This event is co-sponsored by the Project on Middle East Democracy, U.S. Institute for Peace (USIP), the Arab Barometer, the Arab Reform Initiative, and the Project on Middle East Political Science (POMEPS).
Friday, October 31, 2014
10:00 am – 12:00 pm
U.S. Institute of Peace
2301 Constitution Avenue NW
The Arab uprisings were a vivid demonstration of the importance of public opinion in the Middle East. Frustrated by poor governance and the lack of economic opportunity, citizens demonstrated in mass protests on the streets, and online, throughout the region. As autocrats fell, instability and extremism rose. Although democracy appears to be succeeding in Tunisia, in most of the Arab Spring countries the future is far from secure.
To learn how citizens in these countries view government, religion and economic opportunities, please join the U.S. Institute for Peace (USIP), the Arab Barometer, the Arab Reform Initiative, the Project on Middle East Democracy, and the Project on Middle East Political Science for discussion on how publics view the situations in their respective countries. The event will highlight new findings from the third wave of surveys (late 2012-2014) of the Arab Barometer across 12 Arab countries including Egypt, Tunisia, Saudi Arabia, Yemen, Iraq, and more.
Non-Resident Senior Fellow, Project on Middle East Democracy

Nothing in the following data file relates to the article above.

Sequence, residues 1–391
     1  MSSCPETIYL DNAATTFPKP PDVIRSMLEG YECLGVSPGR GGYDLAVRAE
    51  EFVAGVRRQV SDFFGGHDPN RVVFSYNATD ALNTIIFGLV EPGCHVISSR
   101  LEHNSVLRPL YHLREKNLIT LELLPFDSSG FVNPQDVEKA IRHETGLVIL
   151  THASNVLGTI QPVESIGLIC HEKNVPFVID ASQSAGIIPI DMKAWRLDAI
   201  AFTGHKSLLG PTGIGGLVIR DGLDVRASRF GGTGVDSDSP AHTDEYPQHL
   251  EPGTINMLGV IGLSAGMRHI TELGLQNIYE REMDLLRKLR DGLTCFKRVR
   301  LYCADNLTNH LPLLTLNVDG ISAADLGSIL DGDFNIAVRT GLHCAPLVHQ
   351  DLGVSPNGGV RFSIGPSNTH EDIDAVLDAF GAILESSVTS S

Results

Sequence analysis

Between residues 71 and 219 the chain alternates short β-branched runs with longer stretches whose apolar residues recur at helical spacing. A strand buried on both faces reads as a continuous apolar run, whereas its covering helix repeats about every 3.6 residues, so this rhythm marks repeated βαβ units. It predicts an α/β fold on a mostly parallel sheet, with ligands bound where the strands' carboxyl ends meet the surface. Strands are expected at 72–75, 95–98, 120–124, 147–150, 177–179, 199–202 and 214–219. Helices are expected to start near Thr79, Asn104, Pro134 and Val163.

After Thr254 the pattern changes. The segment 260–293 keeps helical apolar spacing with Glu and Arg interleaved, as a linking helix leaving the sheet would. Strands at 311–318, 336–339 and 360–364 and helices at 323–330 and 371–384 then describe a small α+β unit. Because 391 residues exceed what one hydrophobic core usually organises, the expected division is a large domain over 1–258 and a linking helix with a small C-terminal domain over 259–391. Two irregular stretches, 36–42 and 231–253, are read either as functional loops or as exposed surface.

Princeton University and the University of Michigan
Senior Fellow at the Crown Center for Middle Eastern Studies at Brandeis University
University of Michigan
Tessler spoke first to introduce the Arab Barometer project and to provide information on attitudes towards political Islam among ordinary citizens in the MENA region. The data presented was based on two waves of surveys led by the Arab Barometer, one in 2011 (second wave) and one over the end of 2012 and the beginning of 2014 (third wave). Nine countries were part of the last two waves of surveys: Tunisia, Egypt, Algeria, Morocco, Yemen, Jordan, South Sudan and Iraq. Opinions on political Islam were studied through three main questions: (1) Is your country better off with religious leaders in office? (2) Should religion influence politics? and (3) Should political life be separate from religion? Tessler presented the following findings: the majority of respondents in the region think Islam should not play a role in political life; and as a whole (aggregate of the nine countries), there is not a significant difference between the two waves. However, there were significant time-based changes for Egypt, Tunisia and Iraq. In Egypt, support for political Islam significantly dropped between the second and third wave. In Tunisia, there is less support overall to begin with; however, the same numbers of people agree/strongly agree and the same disagree/strongly disagree in 2011 and 2013. However, findings show an increase in polarization, as in there are more people who strongly agree or strongly disagree in 2013 than 2011. In other words, the Tunisian people did not switch positions, but rather felt more strongly about it. In short, whereas Egypt witnessed a drop in popular support for political Islam, Tunisia witnessed polarization on the subject. Iraq, on the other hand, experienced a change in how sectarian communities viewed political Islam: Sunnis became more supportive, whereas Shia and Sunni Kurds became less supportive.